Short review: A series of conniving schemes culminate in a reunion of Army buddies as a gift to an aging retired General and two romantic couples pairing off.
Wallace and Davis
Meet, romance the Haynes sisters
Full review: White Christmas is a movie musical built around an Oscar-winning song from an entirely different musical. In 1942, Bing Crosby and Fred Astaire starred alongside Virginia Dale in Holiday Inn, a movie about a retired stage performer who runs a specialty inn in Connecticut that is only open on holidays, complete with themed entertainment for the guests who show up on those particular dates. White Christmas was among the songs included in Holiday Inn, and twelve years later someone decided it would be a great idea to make another movie, this time centered entirely around that song.
The original idea behind the White Christmas movie was to reunite Bing Crosby and Fred Astaire, as it was a fairly common practice to pair up a singing lead like Crosby with a dancing lead like Astaire, sometimes even throwing in a comedic lead such as was done in On the Town where singer Frank Sinatra, dancer Gene Kelly, and comic actor Jules Munshin held the lead roles. Unfortunately, Astaire declined to be in the movie after reading the script. Looking for a capable actor to place opposite Crosby, the studio hired Donald O'Connor to take the place declined by Astaire. When Donald O'Connor had to drop out due to illness, Danny Kaye was recruited at the last minute to take over the part. One has to imagine that the movie would have been quite different with Astaire in the dancing lead role, and a number of staging decisions seem to have been made with Donald O'Connor in mind, as he was not quite as accomplished as a dancer when compared to Astaire, and may have not been as good as Danny Kaye.
|The first time Bing sings|
White Christmas in the movie
|The Haynes Sisters floor show act.|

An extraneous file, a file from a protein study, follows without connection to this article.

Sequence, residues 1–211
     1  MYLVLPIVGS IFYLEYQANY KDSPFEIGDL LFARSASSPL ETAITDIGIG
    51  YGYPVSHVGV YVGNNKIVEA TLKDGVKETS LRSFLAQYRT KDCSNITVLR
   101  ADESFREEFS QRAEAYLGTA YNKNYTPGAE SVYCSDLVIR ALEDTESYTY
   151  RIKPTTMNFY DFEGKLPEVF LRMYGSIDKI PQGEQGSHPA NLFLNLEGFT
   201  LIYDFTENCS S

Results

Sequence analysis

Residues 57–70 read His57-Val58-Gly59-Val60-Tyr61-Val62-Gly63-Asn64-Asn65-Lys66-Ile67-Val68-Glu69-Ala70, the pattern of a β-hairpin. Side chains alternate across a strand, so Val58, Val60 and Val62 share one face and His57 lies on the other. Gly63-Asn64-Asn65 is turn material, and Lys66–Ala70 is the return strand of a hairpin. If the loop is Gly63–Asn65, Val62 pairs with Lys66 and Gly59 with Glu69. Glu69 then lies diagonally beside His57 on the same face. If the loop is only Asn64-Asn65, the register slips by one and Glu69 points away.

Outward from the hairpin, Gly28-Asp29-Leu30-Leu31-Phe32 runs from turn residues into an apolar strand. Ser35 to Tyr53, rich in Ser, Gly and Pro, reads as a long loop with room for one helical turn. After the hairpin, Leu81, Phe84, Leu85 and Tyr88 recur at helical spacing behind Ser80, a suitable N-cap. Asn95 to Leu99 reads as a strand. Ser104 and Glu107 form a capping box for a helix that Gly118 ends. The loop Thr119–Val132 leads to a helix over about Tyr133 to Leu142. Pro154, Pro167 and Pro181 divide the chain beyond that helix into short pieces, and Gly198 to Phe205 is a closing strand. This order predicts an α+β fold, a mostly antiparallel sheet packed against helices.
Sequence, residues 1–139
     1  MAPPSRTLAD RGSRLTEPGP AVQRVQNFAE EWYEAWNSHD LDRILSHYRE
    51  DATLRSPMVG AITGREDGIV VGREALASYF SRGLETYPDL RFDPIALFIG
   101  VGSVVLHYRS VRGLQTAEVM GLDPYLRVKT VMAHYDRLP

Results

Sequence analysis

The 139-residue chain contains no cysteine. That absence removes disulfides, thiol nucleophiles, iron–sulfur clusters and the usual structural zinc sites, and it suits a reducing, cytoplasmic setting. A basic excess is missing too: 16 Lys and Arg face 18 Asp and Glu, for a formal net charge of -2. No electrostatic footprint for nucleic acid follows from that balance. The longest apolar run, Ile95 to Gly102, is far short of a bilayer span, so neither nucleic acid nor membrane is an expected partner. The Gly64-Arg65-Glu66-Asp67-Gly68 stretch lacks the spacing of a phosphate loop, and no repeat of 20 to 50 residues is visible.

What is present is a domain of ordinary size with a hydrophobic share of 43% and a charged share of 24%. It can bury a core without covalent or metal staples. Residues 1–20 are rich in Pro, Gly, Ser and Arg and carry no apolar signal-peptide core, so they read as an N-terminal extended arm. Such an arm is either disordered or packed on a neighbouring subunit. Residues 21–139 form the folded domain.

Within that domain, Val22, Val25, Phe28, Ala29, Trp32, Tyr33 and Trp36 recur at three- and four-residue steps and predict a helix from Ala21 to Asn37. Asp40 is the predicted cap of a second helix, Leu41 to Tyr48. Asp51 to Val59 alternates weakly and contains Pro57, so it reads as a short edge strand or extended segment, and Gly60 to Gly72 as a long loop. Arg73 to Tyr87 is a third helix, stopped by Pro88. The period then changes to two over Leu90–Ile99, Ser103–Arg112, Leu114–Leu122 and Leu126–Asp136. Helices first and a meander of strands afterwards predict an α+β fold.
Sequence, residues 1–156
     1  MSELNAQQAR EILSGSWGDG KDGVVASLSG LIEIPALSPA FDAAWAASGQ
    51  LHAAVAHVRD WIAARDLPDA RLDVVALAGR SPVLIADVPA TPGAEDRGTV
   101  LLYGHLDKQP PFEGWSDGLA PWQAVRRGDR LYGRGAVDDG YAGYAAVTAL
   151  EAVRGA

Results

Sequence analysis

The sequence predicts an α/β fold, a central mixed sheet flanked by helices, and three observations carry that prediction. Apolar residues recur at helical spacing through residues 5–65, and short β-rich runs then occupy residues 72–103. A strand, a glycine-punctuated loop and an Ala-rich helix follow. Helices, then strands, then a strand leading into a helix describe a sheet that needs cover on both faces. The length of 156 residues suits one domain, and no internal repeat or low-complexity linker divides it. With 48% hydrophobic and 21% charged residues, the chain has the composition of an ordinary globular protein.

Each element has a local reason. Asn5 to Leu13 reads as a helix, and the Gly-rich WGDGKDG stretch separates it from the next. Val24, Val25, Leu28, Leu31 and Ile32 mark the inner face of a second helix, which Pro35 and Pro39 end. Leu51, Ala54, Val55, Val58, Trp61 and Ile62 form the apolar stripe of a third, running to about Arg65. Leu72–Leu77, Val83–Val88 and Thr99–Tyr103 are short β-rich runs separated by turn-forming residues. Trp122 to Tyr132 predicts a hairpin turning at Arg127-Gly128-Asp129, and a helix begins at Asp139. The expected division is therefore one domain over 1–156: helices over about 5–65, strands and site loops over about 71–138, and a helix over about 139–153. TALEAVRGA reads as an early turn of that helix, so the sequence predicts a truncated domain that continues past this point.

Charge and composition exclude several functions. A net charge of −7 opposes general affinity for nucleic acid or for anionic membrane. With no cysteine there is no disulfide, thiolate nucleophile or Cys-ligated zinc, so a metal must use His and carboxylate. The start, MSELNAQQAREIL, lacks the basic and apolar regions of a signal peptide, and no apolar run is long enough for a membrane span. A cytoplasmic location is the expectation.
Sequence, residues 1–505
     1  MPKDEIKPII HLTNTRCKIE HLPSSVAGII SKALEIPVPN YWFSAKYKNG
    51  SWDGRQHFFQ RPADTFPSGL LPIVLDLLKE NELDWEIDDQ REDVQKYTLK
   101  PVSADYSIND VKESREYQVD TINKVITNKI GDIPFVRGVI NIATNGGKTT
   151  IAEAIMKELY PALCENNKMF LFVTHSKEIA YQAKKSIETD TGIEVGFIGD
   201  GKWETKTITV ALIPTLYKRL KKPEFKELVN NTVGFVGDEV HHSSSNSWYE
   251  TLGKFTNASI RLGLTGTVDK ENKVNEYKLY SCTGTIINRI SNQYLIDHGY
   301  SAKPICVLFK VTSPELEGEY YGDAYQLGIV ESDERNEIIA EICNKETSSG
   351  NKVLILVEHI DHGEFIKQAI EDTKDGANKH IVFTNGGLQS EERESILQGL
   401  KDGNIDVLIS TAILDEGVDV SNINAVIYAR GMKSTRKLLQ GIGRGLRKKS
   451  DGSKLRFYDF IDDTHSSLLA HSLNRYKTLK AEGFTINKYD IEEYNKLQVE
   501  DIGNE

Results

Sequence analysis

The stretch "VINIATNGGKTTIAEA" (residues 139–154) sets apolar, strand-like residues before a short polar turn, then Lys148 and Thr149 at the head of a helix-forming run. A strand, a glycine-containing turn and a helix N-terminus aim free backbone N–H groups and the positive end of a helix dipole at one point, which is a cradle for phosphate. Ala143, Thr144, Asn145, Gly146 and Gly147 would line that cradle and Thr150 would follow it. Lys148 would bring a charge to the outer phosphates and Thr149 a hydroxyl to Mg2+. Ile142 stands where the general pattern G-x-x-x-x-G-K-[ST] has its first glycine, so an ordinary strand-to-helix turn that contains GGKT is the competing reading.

|This is the one time Kaye gets a|
big dance number as Vera-Ellen's
|This is the funny version|
|Everyone singing about snow that won't|
be there when they reach Vermont.
|At least they aren't in blackface|
|Scheming up a fake engagement that Judy wants to be real|
|I'm mad, but I won't tell anyone why|
|Rosemary and four of her dancing boys|
|Wishing they were on|
Uncle Sam's payroll again
|The big finale. Won't those ballet dancers and everyone|
in the audience get cold with that barn door open?
1 Actually, only one sister sings in the song as Vera-Ellen's singing was dubbed for the entire movie. For most of the songs, her singing voice was dubbed by Trudy Stevens, but for the song Sisters, Rosemary Clooney sang both parts.
2 In Holiday Inn, the song Abraham was performed with the entire cast in blackface. Apparently, at one point the intent was to perform The Minstrel Number in this movie in blackface as well, but someone thankfully thought better of the idea before it was filmed. As it is, the number is still somewhat embarrassing, as the minstrel shows that the singers pine for in the lyrics were performances in which white people dressed in blackface and portrayed fairly racist caricatures of African-Americans. The routine relating to "Mr. Bones" involving references to Mr. Bones, Mr. Interlocutor, and a joke relating to misunderstanding what a word means, are direct references to these sorts of racially offensive performances.
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